This goes for after arrival, too.  If an au pair acts interested in the children and their activities when communicating with them before she arrives, but then doesn’t have time for them once she arrives, the family feels deceived  and wonders what else the au pair has misled them about.

Truly successful au pairs are the ones who take their job seriously and are invested in the children.  They get down on the floor and play trucks, they have tea parties, and they read the kids the same book over and over and over again.  In a nutshell, truly successful au pairs are the ones who do the things with the children that the parents would do if they could be home.

Patience: Anyone who thinks that working with children all day is easy, hasn’t ever done it.  It takes patience for crying, sticky fingers, messes, crying, toys everywhere, homework battles… oh and crying.  Au pairs need to be prepared that most days will be pretty good, but some days will be very hard.  Patience on the hard days will be rewarded when the children put their arms around you and tell you how much they love you.

Flexibility: There are certain rules put in place to protect the au pair and host family.  It is very important that those rules are followed, but there also needs to be some flexibility.  Sometimes schedules change.  Sometimes parents are late.  Illnesses happen and life is sometimes just crazy.  If an occasional bending or breaking of a rule happens, then you need to talk to your host family about it in a casual way.  If your host family repeatedly disregards the rules, then that is another issue entirely and should be discussed with your agency.

Interest in the family: Most families really want their au pair to be a part of the family.  If the au pair is distant or spends little of her off-duty time with the family, the family feels that she only matched with them to get to come to a new country and not because she wanted to participate in a cultural exchange program.  I worked with an au pair once who would go up to her room as soon as her shift was over, and wouldn’t come out for the rest of the evening.  The family would ask her if she was hungry for dinner or wanted to do activities and she would decline and then sneak down after everyone was in bed and go find something to eat.  Needless to say, this match didn’t work out.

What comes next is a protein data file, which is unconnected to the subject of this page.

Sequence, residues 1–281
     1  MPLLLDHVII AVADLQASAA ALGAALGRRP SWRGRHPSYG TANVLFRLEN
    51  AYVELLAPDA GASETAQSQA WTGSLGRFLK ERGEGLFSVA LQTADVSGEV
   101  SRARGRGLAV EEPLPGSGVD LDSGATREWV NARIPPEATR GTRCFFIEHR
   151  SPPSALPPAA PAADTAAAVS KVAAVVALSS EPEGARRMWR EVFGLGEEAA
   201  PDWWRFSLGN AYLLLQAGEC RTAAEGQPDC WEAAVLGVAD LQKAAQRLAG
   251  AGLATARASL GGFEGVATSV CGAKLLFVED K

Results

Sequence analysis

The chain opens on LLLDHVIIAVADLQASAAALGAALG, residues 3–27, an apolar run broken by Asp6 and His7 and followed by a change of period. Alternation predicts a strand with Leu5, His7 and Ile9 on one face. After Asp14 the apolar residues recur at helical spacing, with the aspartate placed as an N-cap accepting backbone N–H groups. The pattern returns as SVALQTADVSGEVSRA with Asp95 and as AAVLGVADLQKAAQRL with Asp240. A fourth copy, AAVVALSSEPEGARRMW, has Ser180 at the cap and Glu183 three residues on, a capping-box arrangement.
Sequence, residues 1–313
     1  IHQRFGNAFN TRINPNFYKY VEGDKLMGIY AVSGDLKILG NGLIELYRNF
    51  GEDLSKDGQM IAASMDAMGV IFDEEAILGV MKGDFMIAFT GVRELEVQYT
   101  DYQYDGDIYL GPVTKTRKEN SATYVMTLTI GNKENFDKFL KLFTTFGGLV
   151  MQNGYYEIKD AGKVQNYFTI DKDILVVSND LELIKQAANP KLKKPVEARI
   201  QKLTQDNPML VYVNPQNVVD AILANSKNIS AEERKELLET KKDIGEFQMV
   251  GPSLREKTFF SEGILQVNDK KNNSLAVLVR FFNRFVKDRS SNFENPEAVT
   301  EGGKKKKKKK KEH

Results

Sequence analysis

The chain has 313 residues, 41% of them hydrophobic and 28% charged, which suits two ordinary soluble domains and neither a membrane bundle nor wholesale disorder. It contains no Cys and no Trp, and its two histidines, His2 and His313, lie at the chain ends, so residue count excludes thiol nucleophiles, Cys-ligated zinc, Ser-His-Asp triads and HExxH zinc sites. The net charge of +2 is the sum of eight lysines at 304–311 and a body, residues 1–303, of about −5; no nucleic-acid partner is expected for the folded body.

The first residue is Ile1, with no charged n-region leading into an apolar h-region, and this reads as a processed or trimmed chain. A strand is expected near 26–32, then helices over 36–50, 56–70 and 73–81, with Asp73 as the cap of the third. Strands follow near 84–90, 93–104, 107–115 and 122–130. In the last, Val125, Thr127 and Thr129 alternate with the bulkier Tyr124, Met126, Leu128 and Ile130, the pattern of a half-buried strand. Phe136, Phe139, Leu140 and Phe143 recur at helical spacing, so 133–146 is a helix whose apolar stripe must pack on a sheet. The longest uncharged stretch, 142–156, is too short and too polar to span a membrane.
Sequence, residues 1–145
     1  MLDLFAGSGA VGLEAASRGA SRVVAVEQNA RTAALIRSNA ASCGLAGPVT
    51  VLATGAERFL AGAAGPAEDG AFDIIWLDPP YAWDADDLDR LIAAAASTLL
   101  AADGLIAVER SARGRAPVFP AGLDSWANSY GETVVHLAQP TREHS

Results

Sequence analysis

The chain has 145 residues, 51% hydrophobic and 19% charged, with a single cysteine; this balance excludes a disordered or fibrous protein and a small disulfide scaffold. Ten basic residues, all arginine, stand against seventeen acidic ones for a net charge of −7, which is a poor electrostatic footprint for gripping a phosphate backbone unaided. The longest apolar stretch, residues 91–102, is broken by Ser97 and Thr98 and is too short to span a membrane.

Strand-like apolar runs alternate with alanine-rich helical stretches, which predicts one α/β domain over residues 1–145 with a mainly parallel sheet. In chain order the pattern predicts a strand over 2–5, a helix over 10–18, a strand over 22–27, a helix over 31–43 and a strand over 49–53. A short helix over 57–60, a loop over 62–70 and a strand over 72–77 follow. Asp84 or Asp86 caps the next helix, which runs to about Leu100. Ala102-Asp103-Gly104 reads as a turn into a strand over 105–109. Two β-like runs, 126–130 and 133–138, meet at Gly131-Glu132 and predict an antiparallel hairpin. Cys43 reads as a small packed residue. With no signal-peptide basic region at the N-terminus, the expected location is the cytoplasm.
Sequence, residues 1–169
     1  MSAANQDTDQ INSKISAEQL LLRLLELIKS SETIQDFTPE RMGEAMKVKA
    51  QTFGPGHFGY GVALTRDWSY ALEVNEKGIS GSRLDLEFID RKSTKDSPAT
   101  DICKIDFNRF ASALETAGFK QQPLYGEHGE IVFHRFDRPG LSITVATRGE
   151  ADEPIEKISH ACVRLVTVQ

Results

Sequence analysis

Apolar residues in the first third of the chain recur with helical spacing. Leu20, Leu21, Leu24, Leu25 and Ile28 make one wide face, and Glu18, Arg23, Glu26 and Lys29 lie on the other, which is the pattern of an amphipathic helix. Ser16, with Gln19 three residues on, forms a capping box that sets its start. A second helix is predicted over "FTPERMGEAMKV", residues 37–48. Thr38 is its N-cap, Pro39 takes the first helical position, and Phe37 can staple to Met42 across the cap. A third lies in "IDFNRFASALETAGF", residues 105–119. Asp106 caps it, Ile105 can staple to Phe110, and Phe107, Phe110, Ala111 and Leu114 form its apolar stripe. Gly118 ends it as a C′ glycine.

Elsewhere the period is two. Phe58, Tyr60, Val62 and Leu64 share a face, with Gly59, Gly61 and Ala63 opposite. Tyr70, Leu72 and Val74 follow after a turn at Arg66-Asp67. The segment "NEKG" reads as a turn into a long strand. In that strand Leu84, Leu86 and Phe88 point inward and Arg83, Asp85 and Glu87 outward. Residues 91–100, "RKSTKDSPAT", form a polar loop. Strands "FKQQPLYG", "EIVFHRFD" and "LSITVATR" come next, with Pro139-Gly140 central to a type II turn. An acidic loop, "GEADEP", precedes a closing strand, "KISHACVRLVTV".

The best matches are the ones where everyone really cares for each other.  This is demonstrated when the host family invites the au pair along to different activities or does extra things to help her feel at home, like introducing her customs into their household.  I once had a host family who had a traditional German Christmas for their au pair.  This helped her feel loved and accepted.

Au pairs show their appreciation by pitching in and helping when it isn’t required.  Just because you aren’t on duty doesn’t mean you can’t help with the dishes or play with the kids or attend a child’s recital.   Now this doesn’t mean that au pairs should spend all their free time with the family.  It is important for them to get out, explore, and meet people.  It is very important to find the balance between the two.

Initiative:  Families don’t want to have to tell au pairs to do every little thing.  If the baby needs changing, the families want the au pair to go change him.  If the kids have homework to do, the au pair should make sure that happens on time.  If the kids are bored, the family wants the au pair to come up with activities to do.  You are in charge during certain hours of the day, so take charge.  Make sure the children are well-cared for and engaged and if you are off-duty still be attentive to the children’s needs, like you would as a member of the family.

Maturity:  There is a reason that au pairs must be at least 18 years old.  Families are not looking to bring another child into their home; they are looking for an adult to help make their lives easier.  Successful au pairs are the ones who take responsibility for their needs and happiness.  If you have a problem, don’t expect your family to solve it for you.  First, you will need to research your options (the internet, your agency and fellow au pairs are good resources for this), come up with some possible solutions, and then go to your host family and discuss with them what will work best.  They are there to help you, but not solve your problems for you.

Now, I know I have just focused on what qualities are important for an au pair.  There are just as many qualities that are important for host families to have, the most important being dependability, compassion, appreciation, and trust.  In my experience, matches that have these qualities are amazing experiences for everyone involved and result in life-long friendships.